In my post about hobbies I mentioned that one of the things I like to do is record sound. For me sound is as rewarding a pursuit as photography because at heart they really are the same thing. A good photograph requires the photographer to find the right scene, find just the right vantage point, compose the photograph to best portray their interpretation of the scene, and to wait for conditions to be perfect. A good sound recording requires all of those, too.
For a recordist with TS, that last part is the real kicker. For conditions to be right I need to be absolutely silent, which is something I can almost never actually do. The photographic equivalent of a recordist with TS would be a photographer who compulsively wraps bright flashy Christmas lights all over their body. Just by virtue of standing near their camera they will affect the scene in a negative way.
The first several times I went out with recording gear I came back with an entire card full of contaminated tracks. Every single one had at least one vocal tic embedded in it. I cleared the card, charged my batteries, and tried to find ways to make it work. My first real success was a combination of semi-directional microphones, a loud source, and a good book I could read while things were rolling. I still ticced, and some of my tracks were still contaminated, but it was progress. I couldn’t help wondering if there was some other way, though.
One of my favorite approaches to photography is to use a large format camera. They’re big, they’re clumsy, they’re glacially slow to operate, and they use (gasp!) film to record the image. But the act of using a large format camera is, in itself, a bizarre form of meditation. There’s an almost ritualistic approach to scouting the scene, setting up the tripod, pulling out the camera and assembling its parts, composing the scene, focusing on the ground glass… Heck, someone should serve wine and cheese and play classical music in the background. (Wait a second… I said “ritualistic”. Could my love of large format photography be an OCD thing?! Curiouser and curiouser, said Alice.)
I found myself wishing there was such a thing as large format sound. Not so much the bulkiness of the process as the meditative approach it dictates. Meanwhile I continued to try to work around the limitations TS placed on me, and kept improving my technique in the field. I was getting better tracks, but the whole process was still an exercise in frustration.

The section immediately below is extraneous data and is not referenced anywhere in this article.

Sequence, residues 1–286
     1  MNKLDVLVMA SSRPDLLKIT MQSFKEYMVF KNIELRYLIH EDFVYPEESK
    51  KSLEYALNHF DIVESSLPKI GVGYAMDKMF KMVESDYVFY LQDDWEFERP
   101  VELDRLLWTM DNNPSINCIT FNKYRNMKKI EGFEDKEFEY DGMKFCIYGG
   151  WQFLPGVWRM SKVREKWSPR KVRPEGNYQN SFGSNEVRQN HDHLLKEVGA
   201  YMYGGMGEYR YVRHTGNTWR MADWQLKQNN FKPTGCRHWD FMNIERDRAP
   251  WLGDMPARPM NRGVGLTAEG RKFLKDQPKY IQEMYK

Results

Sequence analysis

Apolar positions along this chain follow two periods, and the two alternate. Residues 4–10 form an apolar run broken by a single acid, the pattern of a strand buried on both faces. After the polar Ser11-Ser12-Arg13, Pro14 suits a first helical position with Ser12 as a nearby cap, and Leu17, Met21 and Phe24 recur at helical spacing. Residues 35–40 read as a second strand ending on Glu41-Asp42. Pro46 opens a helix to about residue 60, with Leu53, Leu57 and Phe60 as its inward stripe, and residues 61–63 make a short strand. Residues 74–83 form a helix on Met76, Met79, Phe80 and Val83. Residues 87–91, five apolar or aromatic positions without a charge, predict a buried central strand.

Then I was invited to work on a project that changed everything.
Most field recording results in relatively short tracks. Ambience recordings may run for several tens of minutes, but for most field recording five minutes is considered a little long. Three and a half minutes is more typical. Depending on the sound a track may be as short as a few tens of seconds or less. All of this means a lot of interaction with the recording gear: starting and stopping, recording file numbers and slate information, repositioning microphones between takes, etc. All of it means the recordist has to stay relatively close by, tics or no tics. I’d found ways to make it work… sort of… but none of it was ideal.
The project required tracks that last for at least an hour. During that hour absolutely nothing about the setup could change: not the mics, not their position or orientation, not the gain on the preamps, nothing. As much as possible the gear needed to be set up, started, and left alone. As I thought through the ramifications of the requirements I realized what it actually meant for the recordist. It was AWESOME!
A couple of weeks ago I made my first recordings for the project. I found just the right scene, scouted out a good vantage point for the microphones, aimed them at what I thought were the most interesting sounds in the soundscape, started recording and…
Then I just walked away.
I walked to the far side of a ridge so none of my tics would be picked up by the mics. This time I didn’t bring a book. I lay down, closed my eyes, and ticced to my heart’s content with a big smile on my face. I let my gear run unattended until it was time to stop the recording and move to the next location.
The recordings weren’t perfect. The other sound person on the project pointed out a number of issues I’d need to fix before heading out again. But for once none of the flaws had anything to do with my tics. They were all technique. That’s something I can work on!
Last weekend I headed out to record the next set of sounds on my list. After everything was set up, levels were dialed in, slate information was recorded and everything was rolling, I grabbed my book and walked away. That’s when it hit me: As unconventional as it was in its execution I’d found a way to do large format sound – sound that didn’t just work around my TS; it made it a non-issue.
In a way that’s what I’ve done with all of my hobbies. Photography? I work from a tripod most of the time. Kite aerial photography? Tie off to a waist belt so my arm tics don’t swing the camera. Machining? Go CNC! (Actually most of my machining is hand crank, but with rare exceptions I wind up with vocal tics while in the shop.) Writing? That’s the great thing about writing: tics don’t matter. And now sound.
The trick doesn’t lie in finding what you can and can’t do. The trick lies in making things work.